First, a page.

What is the difference between a defined benefit and defined contribution pension plan?
A huge component of many people’s retirement plans is a pension plan. Pension plans are typically provided by a company on behalf of its employees as a way to save for retirement. The concept is that employees and employers contribute money into the pension plan in the hopes that the account grows to a substantial enough size to provide a solid income after retirement.
A number of years ago there was typically only one kind of pension plan; the defined benefit pension plan (DB). However, due to rising liabilities and costs associate with a DB plan the more common type of pension plan available in today’s employment environment is the defined contribution pension plan (DC).
This article will define each type of plan so you are better prepared to understand which ever plan is available at your company. Most companies either have one or the other, so there is not usually a choice of which plan to join. In the majority of circumstances, the employee will be enroll in a define contribution plan.
What is a Defined Benefit Pension Plan?
The more traditional type of benefit plan is the DB plan. Historically, when people spoke about pension plans it was these plans they were referring to. In these types of plans, the employee knows exactly how much money they will receive in monthly income after they retire from the company. Additionally, DB plans are most often funding by just the employer.
In a defined benefit plan, the income received after retirement is based on a formula. That takes into account the years of service the employee worked at the company and the average salary over a specific number of years. (Typically the past three to five years of employment). Once the employee hits the retirement age as defined by the company the calculated benefit is paid out as monthly income.
There are a number of nuances to DB plans that must be considered. In addition, it should be research properly by employees with access to these types of plans. For example, what happens if the employee decides to wait five years before drawing on the pension (i.e. waiting until 70 years of age instead of 65)? In many plans, the income receive from the pension can be greatly increasing. You and your financial advisor must review if you are able to bridge the gap between 65 and 70 in order to receive that higher income.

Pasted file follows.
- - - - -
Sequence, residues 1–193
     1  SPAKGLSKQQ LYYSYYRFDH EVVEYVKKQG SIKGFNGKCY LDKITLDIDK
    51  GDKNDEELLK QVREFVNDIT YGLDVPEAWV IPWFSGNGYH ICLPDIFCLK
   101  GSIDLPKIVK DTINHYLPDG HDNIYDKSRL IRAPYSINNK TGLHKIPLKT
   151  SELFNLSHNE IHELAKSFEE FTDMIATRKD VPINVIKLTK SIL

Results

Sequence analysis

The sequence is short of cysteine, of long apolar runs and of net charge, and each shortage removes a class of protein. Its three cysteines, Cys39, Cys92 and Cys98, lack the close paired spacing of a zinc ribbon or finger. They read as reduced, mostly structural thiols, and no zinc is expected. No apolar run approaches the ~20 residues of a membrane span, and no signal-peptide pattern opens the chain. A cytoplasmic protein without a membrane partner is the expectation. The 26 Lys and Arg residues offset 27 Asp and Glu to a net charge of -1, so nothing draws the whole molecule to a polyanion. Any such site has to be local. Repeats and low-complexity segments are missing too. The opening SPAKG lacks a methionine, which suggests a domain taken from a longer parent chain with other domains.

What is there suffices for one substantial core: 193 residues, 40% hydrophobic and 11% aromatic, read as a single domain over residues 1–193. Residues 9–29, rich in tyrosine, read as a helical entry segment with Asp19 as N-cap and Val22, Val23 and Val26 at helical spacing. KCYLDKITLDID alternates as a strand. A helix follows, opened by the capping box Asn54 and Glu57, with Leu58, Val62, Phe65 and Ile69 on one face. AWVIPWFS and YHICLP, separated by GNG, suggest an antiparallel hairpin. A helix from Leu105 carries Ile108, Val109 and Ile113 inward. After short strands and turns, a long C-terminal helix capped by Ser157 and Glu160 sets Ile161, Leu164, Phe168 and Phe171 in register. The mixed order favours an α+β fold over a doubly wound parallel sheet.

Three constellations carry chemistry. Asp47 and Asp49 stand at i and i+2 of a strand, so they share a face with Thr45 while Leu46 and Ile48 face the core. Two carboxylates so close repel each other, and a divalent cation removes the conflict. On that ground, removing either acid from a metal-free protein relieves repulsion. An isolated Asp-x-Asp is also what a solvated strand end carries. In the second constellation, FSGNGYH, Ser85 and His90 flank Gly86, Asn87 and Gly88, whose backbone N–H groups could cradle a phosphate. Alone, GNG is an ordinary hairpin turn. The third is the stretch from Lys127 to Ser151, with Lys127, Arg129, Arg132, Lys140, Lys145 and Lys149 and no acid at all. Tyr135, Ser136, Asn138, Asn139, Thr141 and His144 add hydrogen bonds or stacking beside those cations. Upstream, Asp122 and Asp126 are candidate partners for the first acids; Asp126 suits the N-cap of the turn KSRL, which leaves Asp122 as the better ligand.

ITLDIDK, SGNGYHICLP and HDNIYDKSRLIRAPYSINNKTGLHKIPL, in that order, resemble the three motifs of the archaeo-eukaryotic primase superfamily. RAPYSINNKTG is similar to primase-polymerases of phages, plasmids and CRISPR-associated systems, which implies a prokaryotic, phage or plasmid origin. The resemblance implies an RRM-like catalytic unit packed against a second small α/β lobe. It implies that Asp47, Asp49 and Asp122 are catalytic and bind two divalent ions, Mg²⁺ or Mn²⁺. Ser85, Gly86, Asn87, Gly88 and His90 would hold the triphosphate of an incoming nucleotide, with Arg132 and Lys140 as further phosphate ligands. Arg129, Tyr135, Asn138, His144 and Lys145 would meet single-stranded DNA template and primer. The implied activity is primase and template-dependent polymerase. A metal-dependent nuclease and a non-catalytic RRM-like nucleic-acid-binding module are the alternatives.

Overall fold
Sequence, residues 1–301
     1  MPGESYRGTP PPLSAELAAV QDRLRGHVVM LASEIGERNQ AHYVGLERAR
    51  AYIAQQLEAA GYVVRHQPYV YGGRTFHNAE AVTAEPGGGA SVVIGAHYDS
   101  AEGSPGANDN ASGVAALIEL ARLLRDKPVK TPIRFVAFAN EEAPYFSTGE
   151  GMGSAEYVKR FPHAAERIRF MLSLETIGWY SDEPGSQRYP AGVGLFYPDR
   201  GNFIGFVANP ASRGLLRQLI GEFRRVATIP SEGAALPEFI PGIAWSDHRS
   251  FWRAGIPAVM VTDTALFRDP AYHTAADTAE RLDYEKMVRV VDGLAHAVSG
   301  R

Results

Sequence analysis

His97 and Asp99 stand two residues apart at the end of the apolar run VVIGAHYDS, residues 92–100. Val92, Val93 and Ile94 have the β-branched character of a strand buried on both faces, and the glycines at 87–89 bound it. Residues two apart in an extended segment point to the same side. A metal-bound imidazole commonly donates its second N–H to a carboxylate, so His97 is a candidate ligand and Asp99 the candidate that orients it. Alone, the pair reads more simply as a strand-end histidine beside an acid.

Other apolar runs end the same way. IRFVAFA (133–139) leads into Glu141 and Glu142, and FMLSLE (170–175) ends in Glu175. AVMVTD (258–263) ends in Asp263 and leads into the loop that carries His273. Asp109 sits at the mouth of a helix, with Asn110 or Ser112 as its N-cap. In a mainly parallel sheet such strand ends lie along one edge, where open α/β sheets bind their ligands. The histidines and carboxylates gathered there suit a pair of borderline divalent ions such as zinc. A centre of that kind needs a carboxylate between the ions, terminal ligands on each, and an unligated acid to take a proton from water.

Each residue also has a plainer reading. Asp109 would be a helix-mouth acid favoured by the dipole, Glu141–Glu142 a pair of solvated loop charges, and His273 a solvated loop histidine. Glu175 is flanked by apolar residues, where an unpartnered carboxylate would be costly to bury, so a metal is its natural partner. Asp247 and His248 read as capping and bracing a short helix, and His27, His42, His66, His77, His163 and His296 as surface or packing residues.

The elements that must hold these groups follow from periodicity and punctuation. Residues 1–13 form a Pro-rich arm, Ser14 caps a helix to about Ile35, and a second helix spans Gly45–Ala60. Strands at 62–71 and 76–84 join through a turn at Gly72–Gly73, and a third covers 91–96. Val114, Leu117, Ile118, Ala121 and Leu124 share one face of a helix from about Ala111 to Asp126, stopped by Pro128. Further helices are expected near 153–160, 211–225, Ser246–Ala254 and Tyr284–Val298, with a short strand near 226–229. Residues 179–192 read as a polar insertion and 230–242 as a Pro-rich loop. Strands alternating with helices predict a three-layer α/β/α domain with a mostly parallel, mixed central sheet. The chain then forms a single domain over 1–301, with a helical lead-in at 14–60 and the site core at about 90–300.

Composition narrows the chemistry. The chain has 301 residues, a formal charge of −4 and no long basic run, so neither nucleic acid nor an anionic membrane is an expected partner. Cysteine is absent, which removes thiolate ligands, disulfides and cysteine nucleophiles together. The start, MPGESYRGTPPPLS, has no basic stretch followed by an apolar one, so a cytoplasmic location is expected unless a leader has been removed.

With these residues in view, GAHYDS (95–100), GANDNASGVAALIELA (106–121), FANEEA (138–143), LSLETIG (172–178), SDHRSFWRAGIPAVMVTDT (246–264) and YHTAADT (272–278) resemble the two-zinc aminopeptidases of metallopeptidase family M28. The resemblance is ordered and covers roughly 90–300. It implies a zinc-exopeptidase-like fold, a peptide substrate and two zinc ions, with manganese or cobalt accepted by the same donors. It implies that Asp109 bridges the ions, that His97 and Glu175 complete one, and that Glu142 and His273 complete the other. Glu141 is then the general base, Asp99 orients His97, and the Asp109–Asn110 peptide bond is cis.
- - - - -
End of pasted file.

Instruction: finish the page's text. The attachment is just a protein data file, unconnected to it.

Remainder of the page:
What is a Defined Contribution Pension Plan?
A defined contribution pension plan is similar in its purpose when compared to a DB plan. Both are intend to provide an income for retirees.
However, there are two key differences. First, whereas a DB plan will state exactly what income the retiree can expect from the DB plan after retirement. The amount of money receiving from a DC plan is only determined after retirement. Besides that, it is depends entirely on what the investment held in the DC plan have grown to. As employees and employers contribute to the plan, and the stock market goes up over a long period of time. The hope is that the DC plan is big enough to throw off enough income from dividends or other investment income.
The second main difference is that DC plans are often fund by both the employer and employee as opposed to usually just the employer with the DB plan. This requires the employee to contribute funds from their salary into the plan. Which effectively off loads part of the liability for retirement income to the employer.
You May Not Have a Choice
Although the DB plans sound like a much better option since the employer contributes all the money and guarantees a defined benefit upon retirement. The problem is that they are becoming more and rarer. Due to the risk and high administrative costs, DB plans are not offering nearly as often as DC plans today.
As a result, you may have to simply go with the DC plan offered by your company. Although they are not as nice as the DB plan, having any plan is better than nothing. So, if your company offers a DC plan sign up for it and maximize your contributions to it. That way you stand a better chance of generating a large enough portfolio that can throw of a sizable income in retirement.